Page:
MR. BOUCHER:  We, I think, have made clear that there are a variety of people who we think either have the ability or the influence to see that people wanted by the tribunal are brought to justice.  That includes, obviously, the authorities in the Republika Srpska and we take steps against them. 

We also think the Serbian Government has a responsibility, indeed, has the ability and the influence to ensure that these people are brought to justice.  And so that's why we thought it was necessary to withhold the $10 million.

QUESTION:  While we're at it, have you received since yesterday -- not terribly likely -- any new information on the Iranian Nobel winner who's being harassed?  And you've put out a strong statement. 

MR. BOUCHER:  No.  We put out a statement yesterday.  I don't have anything new this morning. 

QUESTION:  Do you have the latest numbers for the American citizens affected by the tsunami?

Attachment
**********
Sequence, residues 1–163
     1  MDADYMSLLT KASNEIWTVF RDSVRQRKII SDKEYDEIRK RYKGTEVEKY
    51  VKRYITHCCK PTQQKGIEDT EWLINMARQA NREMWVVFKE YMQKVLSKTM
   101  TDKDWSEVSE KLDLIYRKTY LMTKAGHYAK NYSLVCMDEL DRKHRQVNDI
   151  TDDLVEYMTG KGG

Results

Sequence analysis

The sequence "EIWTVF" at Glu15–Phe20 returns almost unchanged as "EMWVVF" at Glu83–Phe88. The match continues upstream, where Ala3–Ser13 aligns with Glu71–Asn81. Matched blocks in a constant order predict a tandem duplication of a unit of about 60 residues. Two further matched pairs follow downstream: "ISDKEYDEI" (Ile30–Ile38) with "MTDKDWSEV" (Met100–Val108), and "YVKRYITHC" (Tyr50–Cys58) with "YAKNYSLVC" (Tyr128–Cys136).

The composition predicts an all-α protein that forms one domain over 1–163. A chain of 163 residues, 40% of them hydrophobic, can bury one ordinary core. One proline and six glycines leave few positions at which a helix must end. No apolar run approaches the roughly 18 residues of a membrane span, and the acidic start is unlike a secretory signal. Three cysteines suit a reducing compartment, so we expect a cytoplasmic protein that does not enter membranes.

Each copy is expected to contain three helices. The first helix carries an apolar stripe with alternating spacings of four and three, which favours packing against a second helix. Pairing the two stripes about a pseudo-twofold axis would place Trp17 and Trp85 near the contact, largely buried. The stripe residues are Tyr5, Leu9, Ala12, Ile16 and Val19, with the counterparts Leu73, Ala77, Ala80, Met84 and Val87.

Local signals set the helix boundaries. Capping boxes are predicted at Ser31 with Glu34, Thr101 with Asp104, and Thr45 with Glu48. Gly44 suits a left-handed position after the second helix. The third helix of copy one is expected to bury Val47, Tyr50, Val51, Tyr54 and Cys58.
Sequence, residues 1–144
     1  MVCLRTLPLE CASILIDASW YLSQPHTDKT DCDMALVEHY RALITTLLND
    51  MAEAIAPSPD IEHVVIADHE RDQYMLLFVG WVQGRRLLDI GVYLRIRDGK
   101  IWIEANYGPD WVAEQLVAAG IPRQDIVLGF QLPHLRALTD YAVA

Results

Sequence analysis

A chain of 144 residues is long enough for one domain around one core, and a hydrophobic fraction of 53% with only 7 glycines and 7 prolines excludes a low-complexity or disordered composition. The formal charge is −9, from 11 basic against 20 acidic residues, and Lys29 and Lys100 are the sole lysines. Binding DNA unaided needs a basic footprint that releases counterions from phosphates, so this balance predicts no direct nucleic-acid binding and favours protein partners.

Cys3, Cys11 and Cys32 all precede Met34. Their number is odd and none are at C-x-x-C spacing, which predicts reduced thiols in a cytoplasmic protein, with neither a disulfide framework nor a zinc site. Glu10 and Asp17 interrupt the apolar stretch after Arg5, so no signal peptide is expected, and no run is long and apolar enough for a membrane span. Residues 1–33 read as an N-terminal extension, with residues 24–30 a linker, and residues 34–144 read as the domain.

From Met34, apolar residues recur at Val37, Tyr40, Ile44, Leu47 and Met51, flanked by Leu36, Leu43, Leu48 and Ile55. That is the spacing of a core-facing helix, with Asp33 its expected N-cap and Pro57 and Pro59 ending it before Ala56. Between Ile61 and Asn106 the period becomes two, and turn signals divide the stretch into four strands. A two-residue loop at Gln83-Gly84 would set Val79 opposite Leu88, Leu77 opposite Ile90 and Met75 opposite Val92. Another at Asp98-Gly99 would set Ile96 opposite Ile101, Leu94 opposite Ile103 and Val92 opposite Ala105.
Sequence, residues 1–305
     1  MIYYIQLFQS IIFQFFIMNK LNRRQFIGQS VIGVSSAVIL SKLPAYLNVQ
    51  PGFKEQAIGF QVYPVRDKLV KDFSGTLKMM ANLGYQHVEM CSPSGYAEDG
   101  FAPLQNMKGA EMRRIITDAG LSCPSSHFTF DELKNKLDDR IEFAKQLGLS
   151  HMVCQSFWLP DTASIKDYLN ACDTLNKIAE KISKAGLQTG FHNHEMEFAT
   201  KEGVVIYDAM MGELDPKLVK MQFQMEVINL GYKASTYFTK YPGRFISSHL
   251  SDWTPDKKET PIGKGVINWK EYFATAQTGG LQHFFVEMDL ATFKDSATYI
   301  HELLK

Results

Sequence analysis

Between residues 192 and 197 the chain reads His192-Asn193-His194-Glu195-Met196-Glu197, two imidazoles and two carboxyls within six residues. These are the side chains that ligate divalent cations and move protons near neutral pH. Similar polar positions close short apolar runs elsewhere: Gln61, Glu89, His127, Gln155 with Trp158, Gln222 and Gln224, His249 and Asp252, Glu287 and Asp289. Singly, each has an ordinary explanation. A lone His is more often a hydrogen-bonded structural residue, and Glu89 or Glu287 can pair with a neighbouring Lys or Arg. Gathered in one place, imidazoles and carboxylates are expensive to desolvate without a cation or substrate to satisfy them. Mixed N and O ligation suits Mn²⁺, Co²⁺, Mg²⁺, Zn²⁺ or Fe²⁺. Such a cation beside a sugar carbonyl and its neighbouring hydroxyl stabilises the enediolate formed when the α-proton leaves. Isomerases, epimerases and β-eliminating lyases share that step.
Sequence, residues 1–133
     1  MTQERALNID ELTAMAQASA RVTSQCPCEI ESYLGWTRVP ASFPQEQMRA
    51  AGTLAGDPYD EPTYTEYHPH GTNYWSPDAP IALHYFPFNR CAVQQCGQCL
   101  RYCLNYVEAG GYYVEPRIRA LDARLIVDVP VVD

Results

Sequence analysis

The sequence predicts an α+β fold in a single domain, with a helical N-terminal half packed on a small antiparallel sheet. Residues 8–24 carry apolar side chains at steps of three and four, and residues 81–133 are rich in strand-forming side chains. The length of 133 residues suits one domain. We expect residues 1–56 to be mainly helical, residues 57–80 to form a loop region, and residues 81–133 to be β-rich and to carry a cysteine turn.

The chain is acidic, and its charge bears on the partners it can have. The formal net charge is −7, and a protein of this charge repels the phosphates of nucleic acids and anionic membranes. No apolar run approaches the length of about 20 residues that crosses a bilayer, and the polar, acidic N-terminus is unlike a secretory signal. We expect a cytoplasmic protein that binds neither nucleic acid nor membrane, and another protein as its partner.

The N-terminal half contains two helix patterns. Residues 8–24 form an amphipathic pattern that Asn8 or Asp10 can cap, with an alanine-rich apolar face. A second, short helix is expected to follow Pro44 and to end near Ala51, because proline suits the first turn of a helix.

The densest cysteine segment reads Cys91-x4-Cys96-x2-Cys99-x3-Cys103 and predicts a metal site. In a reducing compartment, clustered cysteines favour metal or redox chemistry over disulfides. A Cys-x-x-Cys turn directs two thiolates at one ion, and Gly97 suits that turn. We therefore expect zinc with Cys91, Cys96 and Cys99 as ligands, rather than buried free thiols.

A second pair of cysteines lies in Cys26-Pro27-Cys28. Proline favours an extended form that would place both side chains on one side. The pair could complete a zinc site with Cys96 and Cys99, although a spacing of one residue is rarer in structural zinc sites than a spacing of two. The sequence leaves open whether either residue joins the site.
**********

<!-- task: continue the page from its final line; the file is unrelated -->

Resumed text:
MR. BOUCHER:  The number of American citizens who have died remains unchanged.  We know of 18 American citizens who are confirmed dead:  10 in Thailand, 8 in Sri Lanka.  Seventeen Americans are presumed dead and we're working very, very closely with the families of these people and also working with authorities in Thailand or Sri Lanka trying to work on the ground to sort of finalize the presumption and find out for sure whether they are dead or not.

Of the some 30,000 calls we received over the course of the last few weeks, we have 416 whereabouts inquiries that remain unresolved.  So we continue to work on those as well. 

QUESTION:  Is it fair to say that by now there's no or very little duplication?  In other words, you think 416 represent 416 people?